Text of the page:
Cops waited more than five minutes to help shot Stephon Clark

Police in Sacramento waited more than five critical minutes to help Stephon Clark, opting to watch him with their guns drawn as he laid dying in his grandmother’s backyard.

It took another minute to handcuff the 22-year-old after he was shot repeatedly in the back during the March 18 police shooting, according to newly released trove of police video Monday.

An officer began pumping Clark’s chest at around 9:33 p.m. and urged him to “wake up” and “breathe for me.” The cop continued administering CPR for two more minutes until a Sacramento firefighter could take over.

“Yeah, he’s gone. Totally flat,” the medic can be heard saying in the video before marking Clark’s time of death at 9:42 p.m.

More than 50 videos from body and dash cameras released by the Sacramento Police Department on Monday offer new angles into the shooting that sparked weeks of unrest and heartbreak in the California capitol.

An officer can be seen administring CPR to Stephon Clark, 22, while another holds an oxygen mask to his face.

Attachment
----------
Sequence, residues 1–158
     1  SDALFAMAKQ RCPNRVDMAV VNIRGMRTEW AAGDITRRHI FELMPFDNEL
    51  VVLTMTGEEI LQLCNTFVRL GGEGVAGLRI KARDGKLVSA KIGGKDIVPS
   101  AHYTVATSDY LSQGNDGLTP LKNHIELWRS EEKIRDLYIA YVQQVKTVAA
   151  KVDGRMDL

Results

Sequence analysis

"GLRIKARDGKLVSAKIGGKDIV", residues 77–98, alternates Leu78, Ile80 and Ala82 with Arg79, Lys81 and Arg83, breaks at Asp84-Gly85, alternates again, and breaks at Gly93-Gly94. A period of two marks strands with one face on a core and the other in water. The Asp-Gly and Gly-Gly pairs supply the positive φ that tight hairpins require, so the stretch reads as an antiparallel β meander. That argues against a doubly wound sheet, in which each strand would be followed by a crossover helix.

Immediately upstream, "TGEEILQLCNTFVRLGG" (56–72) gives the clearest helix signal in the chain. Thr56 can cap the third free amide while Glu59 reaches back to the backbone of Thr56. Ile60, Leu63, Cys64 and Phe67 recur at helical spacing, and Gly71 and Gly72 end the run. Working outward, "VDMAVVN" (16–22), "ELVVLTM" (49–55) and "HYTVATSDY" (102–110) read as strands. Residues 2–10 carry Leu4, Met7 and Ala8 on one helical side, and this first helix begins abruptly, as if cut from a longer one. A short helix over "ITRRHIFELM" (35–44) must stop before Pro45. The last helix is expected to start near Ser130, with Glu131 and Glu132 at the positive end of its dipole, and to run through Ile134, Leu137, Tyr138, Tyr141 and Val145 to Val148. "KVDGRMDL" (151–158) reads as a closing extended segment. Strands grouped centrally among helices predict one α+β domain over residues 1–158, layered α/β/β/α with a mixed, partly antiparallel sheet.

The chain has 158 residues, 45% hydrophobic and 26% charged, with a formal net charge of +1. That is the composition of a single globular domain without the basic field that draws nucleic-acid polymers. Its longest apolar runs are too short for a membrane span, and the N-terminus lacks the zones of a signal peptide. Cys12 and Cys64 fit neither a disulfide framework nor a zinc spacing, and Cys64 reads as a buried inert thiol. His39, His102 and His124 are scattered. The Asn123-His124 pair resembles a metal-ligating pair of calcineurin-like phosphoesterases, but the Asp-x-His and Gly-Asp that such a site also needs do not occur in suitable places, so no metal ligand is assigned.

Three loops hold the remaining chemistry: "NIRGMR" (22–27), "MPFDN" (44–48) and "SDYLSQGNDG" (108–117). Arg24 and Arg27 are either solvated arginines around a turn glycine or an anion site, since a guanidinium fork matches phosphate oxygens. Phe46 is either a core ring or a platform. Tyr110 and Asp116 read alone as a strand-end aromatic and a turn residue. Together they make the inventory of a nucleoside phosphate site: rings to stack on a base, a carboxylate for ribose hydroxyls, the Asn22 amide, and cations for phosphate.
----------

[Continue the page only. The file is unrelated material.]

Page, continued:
An officer can be seen administring CPR to Stephon Clark, 22, while another holds an oxygen mask to his face.

(Sacramento Police Department)

Police Chief Daniel Hahn pledged during last week’s city council meeting to release the videos. He announced officers would no longer be allowed to mute their body cameras in most circumstances.

The new footage shows more than a dozen instances where officers muted their cameras during conversations with their colleagues.

Among the videos was a previously unheard 911 call from a man telling dispatchers he heard someone banging on a window in his backyard.

“I don’t know what’s going on. I can’t get out of bed to see,” the man told a dispatcher.

Sacramento cops and a medic stand over Stephon Clark as he's declared dead at 9:42 p.m.

Sacramento cops and a medic stand over Stephon Clark as he’s declared dead at 9:42 p.m.

(Sacramento Police Department)

A woman in the background could be heard explaining that the caller was unable to get out of bed because he had “no legs.”

The Associated Press reports the man was believed to be Clark’s grandfather Tommy Thompson, who relatives said lost his legs due to complications from diabetes.

The dispatcher urged the caller to stay inside, without explaining that officers were investigating the fatal shooting.

Sequita Thompson, Clark’s grandmother, believes Clark may have been in the backyard knocking on the window in an attempt to be let inside.

Police believed Clark was armed with a handgun when he was shot. The supposed gun turned out to be a cell phone.

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